The flood of 2007 broke the link between Wardsend and Owlerton; Wardsend Bridge, an 18th century stone crossing providing access to the cemetery, was wrecked and then washed away by the Don on 25 June. I walk over its replacement, bearing left as the bridge levels to road, the pavement canopied with blackberry branches, their fruit suspended half a metre above eye level. I am thinking of how this landscape opened up to me in the months after the flood and in the weeks after my father’s death. Matthew Clegg had started work on his Edgelands sequence earlier in the summer: a series of fifty-six short poems (adapted from the classical Japanese tanka form) based on the daily walks that he was taking through Hillsborough and its neighbouring districts. Every week or so, a draft of this work would reach me in my office in Swindon. I would print the draft and take it with me on my lunch break, savouring its precision and surprise, the unexpected and frequently apposite connections between the world of the poem and the world through which I was moving. At this time, I’d had little direct contact with North Sheffield: what I knew of Loxley, Wadsley and Birley Edge was what Clegg had carried from those places, five-line ruminations that would, as they accrued, distil the personal, the local and the universal to remarkable effect. A walk along the ridge gives us this vision of Owlerton:
The stink of drains, burning tar.
He climbs above it, surveys
His city – the flooded dog track
And casino, out of bounds, now,
Like her house, bed, scented pillow.
A few years after completing work on Edgelands, Clegg revisited some of its terrain in his sequence Chinese Lanterns, an exploration of the contemporary Hillsborough landscape through the resurrected personae of the 8th century Chinese poets Li Po and Tu Fu. Whether alone or in implied dialogue, their voices (and those of Confucius and Lao Tzu) are the focal pull of the sequence, as it shifts from reflective trance to trance-walk, dole office to dew-soaked hammock; abruptly relocated from other places, other times, they close in on and alert us to the dislocations of present-day Sheffield. Often, the dislocations of the street are the means by which we see the landscape anew, the sudden jumps and starts that lift our eyes to the ‘liquorice clouds / steaming above the Bassett’s factory’.
At the end of 2012, Clegg presented me with a manuscript comprising Edgelands, Chinese Lanterns, and a further sequence, Fugue, parts of which also reached into North Sheffield. West North East would be his first full-length collection, and the first hardback book that I would publish through Longbarrow Press. We’d taken our time to get to this point. An earlier book-length manuscript, The Power-line, had been painstakingly refined over a five-year period, the two of us slowly nudging it towards publication. It was Clegg who took the courageous – and inspired – decision to withdraw the older book and commit to West North East, which retained only nine of the poems intended for The Power-line. Neither of us had any contractual obligations to the other. It wasn’t duty, or loyalty, that set the new book on its course. It was conviction: his, and mine. Over the following months, I sometimes questioned whether my skills were equal to the task of making the book (I’d spent several years creating limited runs of pamphlets and other hand-made publications, but had never prepared industry-standard files for external printers, nor entrusted them with producing books); yet the necessity of the book was never in question. I was determined to bring the poems into the world. They are, I think, poems forged in and of the world, exposed to its pressures and conflicts; they also offer us a hard-won beauty, a delight in the evanescent, and discovery at every turn.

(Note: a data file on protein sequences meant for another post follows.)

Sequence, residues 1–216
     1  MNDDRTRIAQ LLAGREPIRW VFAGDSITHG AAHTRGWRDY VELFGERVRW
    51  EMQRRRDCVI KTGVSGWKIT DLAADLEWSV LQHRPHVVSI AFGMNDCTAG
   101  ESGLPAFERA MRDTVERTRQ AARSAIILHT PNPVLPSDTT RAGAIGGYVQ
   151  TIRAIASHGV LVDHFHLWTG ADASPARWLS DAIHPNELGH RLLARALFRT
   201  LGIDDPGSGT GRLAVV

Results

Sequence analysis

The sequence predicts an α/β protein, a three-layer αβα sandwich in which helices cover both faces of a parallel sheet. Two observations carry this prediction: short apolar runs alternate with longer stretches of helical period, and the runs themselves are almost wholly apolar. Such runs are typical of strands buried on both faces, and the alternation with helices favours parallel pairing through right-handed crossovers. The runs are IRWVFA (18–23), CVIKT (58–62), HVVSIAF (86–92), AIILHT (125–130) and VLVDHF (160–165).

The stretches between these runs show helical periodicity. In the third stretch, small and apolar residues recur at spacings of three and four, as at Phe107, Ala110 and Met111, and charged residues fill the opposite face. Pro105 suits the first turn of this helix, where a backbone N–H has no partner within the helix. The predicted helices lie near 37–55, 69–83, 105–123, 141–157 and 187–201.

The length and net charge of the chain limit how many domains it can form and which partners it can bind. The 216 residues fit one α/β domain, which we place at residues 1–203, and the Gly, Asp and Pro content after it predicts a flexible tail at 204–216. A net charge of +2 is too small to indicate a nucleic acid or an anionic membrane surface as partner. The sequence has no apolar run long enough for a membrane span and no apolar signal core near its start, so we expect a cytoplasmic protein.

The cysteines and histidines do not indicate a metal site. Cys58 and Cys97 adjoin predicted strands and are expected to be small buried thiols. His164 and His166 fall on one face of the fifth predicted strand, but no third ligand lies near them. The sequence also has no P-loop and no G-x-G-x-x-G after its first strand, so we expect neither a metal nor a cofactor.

We’re heading for the spot where the road cuts
over the river. We can wait a long time
and often go unrewarded, but it’s
worth it for the off-chance of seeing him
slow-step the ebb and flow with such grace.
My kid is going to know what a heron is.
I recross Penistone Road and find Hillsborough caught in the last shift of dusk, streaks of orange and pink in the sky above Cash Converters, my half of the street still unlit and silent. I count four large holes in the pavements along Bradfield Road and Holme Lane, two more than the previous afternoon; one is fenced with red and white plastic barriers, another is being filled in, and a further two have workmen in them. I step into my house and stack the six kilos of blackberries on the kitchen worktop, telling myself to put them in the freezer when the power returns. I go to bed. I am woken at 3am by the lights in the attic. I go through the house switching off things that have switched themselves on and switching on things that have switched themselves off. I shower and, at 5am, go out into the street. The workmen who were digging the first of the holes sixteen hours earlier are now securing the last of them. I can’t tell, from their faces, whether this is the start of a new shift, or the end of the old shift. Without a word, they rig the last barrier and climb into the van, the exhaust stuttering, clouding, then gone.
Matthew Clegg’s West North East is out now from Longbarrow Press. Click here to listen to audio podcasts, read extracts and essays, and to order the book. Listen to Matthew Clegg reading the West North East poem ‘A Letter from Tu Fu’ (set in and above Owlerton) below:
This is a vivid soliloquy, Brian. It also reminds me, inevitably now, of Heaney’s exploration of his own territory – in particular, the River Moyulla, and its function as boundary; and his discussion of boundaries – and marching – in general.